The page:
US and Russian Navy Warships Have A Close Encounter In The Eastern Mediterranean Sea

Things are heating up in the Med.

byTyler Rogoway|
Mediterranean photo


The Arleigh Burke class guided missile destroyer USS Gravely had a close encounter with the Russian Neustrashimy class frigate Yaroslav Mudry—an encounter that Russia is claiming was dangerous. The incident occurred on June 17 in the eastern Mediterranean Sea, where the USS Harry S. Truman has been on station striking ISIS from Syria’s western shore. It is the first time since 2003 that a US supercarrier has run strike operations from eastern Mediterranean.  

Russia’s Defense Ministry says that the Gravely breached international navigation safety rules by coming dangerously close to the Yaroslav Mudry. The destroyer supposedly approached alongside the Russian frigate while in international waters, then cut across its bow at a distance of about a ship’s length. Russia says that the Yaroslav Mudry did not deviate in course or engage in maneuvering with the US destroyer.

Neustrashimy class frigate of which only two exist.,

In particular, Russia says that the Gravely violated International Regulations for Preventing Collisions at Sea on two counts. First, the ship did not adhere to Rule 13, which states an overtaking vessel needs to keep out of the way of the vessel being overtaken. According to Russia, the Gravely also broke Rule 15, which dictates that a vessel on the starboard side must yield and not cross ahead of another ship.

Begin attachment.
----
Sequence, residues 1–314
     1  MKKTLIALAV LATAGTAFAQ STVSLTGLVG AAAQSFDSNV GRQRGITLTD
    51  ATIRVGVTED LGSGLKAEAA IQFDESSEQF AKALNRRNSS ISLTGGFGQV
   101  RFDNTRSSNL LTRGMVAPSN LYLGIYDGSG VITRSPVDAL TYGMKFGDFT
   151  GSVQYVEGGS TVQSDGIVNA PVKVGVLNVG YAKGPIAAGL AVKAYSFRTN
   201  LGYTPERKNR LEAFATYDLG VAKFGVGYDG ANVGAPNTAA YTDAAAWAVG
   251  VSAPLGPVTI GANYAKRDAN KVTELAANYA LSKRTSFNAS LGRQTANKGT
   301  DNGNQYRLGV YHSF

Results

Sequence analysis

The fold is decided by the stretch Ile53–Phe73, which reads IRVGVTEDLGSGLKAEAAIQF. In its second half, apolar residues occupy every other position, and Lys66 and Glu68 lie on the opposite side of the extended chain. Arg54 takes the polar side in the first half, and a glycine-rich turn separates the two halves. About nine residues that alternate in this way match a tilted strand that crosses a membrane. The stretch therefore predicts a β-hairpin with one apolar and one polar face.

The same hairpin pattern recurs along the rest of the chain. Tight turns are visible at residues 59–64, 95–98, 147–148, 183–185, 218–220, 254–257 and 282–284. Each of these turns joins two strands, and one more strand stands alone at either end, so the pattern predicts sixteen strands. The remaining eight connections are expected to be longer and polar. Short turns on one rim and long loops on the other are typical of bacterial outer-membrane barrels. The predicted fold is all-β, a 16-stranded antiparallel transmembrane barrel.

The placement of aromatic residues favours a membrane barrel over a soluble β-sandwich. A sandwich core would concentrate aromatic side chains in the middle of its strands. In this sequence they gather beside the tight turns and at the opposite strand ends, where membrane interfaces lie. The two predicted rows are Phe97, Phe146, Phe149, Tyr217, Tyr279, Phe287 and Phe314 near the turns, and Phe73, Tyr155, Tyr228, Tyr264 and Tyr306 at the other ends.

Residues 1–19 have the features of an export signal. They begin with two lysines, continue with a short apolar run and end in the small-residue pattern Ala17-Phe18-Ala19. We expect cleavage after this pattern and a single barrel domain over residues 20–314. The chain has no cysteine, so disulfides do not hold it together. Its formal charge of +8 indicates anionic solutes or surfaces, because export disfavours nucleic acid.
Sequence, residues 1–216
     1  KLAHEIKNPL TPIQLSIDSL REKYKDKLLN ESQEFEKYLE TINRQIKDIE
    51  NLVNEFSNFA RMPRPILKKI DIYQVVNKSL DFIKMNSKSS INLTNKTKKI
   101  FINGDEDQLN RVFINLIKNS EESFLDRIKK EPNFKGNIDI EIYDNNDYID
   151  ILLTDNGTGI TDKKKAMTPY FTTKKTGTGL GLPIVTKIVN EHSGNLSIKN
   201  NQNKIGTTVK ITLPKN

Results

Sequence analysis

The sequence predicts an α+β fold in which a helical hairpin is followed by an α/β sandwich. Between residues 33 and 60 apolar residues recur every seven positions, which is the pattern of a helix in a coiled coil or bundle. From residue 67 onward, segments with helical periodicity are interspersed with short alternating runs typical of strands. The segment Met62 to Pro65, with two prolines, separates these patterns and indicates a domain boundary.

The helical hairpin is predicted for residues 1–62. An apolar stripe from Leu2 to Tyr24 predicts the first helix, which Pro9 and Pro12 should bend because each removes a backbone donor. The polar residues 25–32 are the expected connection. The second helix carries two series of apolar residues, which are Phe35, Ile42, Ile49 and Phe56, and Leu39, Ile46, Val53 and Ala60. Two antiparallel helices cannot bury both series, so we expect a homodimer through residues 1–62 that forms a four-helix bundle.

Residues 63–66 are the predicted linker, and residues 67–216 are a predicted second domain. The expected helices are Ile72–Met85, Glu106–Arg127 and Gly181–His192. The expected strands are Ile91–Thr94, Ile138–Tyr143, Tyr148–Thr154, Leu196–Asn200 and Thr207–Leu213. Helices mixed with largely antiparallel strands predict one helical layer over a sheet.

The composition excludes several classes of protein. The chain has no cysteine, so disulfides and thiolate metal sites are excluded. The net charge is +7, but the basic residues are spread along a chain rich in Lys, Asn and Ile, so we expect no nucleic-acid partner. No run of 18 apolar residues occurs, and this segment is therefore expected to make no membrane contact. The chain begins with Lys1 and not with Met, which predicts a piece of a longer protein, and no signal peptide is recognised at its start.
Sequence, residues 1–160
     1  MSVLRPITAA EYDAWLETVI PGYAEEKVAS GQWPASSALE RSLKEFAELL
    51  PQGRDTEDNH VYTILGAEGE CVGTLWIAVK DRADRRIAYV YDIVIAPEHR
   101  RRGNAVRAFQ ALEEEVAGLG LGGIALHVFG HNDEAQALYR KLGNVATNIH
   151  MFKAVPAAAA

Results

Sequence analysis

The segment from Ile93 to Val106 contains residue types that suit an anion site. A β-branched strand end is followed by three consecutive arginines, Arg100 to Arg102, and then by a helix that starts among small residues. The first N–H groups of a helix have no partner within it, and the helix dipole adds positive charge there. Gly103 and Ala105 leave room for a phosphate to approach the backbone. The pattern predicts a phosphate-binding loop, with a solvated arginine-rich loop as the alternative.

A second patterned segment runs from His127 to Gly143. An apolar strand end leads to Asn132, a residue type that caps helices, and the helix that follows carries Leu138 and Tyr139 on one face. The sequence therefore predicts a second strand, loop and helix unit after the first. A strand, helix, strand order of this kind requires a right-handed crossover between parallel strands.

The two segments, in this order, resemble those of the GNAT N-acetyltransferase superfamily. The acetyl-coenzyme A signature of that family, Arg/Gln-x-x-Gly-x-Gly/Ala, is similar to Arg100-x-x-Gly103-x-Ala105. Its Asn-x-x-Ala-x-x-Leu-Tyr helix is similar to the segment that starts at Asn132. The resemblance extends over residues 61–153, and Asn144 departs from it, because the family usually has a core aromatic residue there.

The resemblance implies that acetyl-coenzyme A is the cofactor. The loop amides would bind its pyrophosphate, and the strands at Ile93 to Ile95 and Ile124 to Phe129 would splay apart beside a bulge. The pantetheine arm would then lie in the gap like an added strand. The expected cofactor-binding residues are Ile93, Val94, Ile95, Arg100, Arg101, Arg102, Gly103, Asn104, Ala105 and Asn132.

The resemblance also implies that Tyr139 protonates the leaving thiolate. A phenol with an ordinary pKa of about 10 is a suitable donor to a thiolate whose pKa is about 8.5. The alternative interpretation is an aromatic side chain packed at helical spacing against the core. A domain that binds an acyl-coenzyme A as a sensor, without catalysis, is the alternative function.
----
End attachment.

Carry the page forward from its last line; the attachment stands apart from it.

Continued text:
Here is the video Russia has posted of the event in question:

Video thumbnail

While we often hear about aerial confrontations between nations—especially between the US and Russia—this is far from the first time Russian and US Navy vessels have had a close encounter. In fact, during the Cold War the two foes’ naval vessels traded paint on occasion.

Russia is clearly not happy that the US has stationed a Carrier Strike Group off the shores of Syria, where it maintains its strategic port in Tartus and an air base south of Latakia. There have also been new signs that Russia is spinning up its fixed-wing warfighting capabilities in Syria once again, and an attack on a US-backed rebel outpost along the Jordanian border under very peculiar circumstances was an ominous sign of this and the ambiguous relationship between Russia and the US.

The War Zone predicted that Russia would respond directly to the presence of a Carrier Strike Group executing air strikes from the eastern Mediterranean, and we are likely seeing it in these acts. The Yaroslav Mudry, which is part of the Baltic Fleet, was supposedly sent into the med to bolster Syria’s flotilla operating near Syria. This group of ships has ranged from a hodgepodge of amphibious ships and corvettes to one made up of frigates and a Slava class cruiser in the recent past.

With both the Russians and the US operating in the waters off Syria the possibility for close encounters only increases as does the general volatility of day-to-day operations. And with two American Carrier Strike Groups in the Mediterranean at the same time, there is no shortage of American firepower in the region.

We still don't know the US Navy's side of the story. Was the Gravely trying to head-off the Russian frigate for a certain reason? What were radio communications like if there were any at all? Hopefully the USN will respond to Russia's claims surrounding this incident quickly. We will keep you informed as more information comes available.

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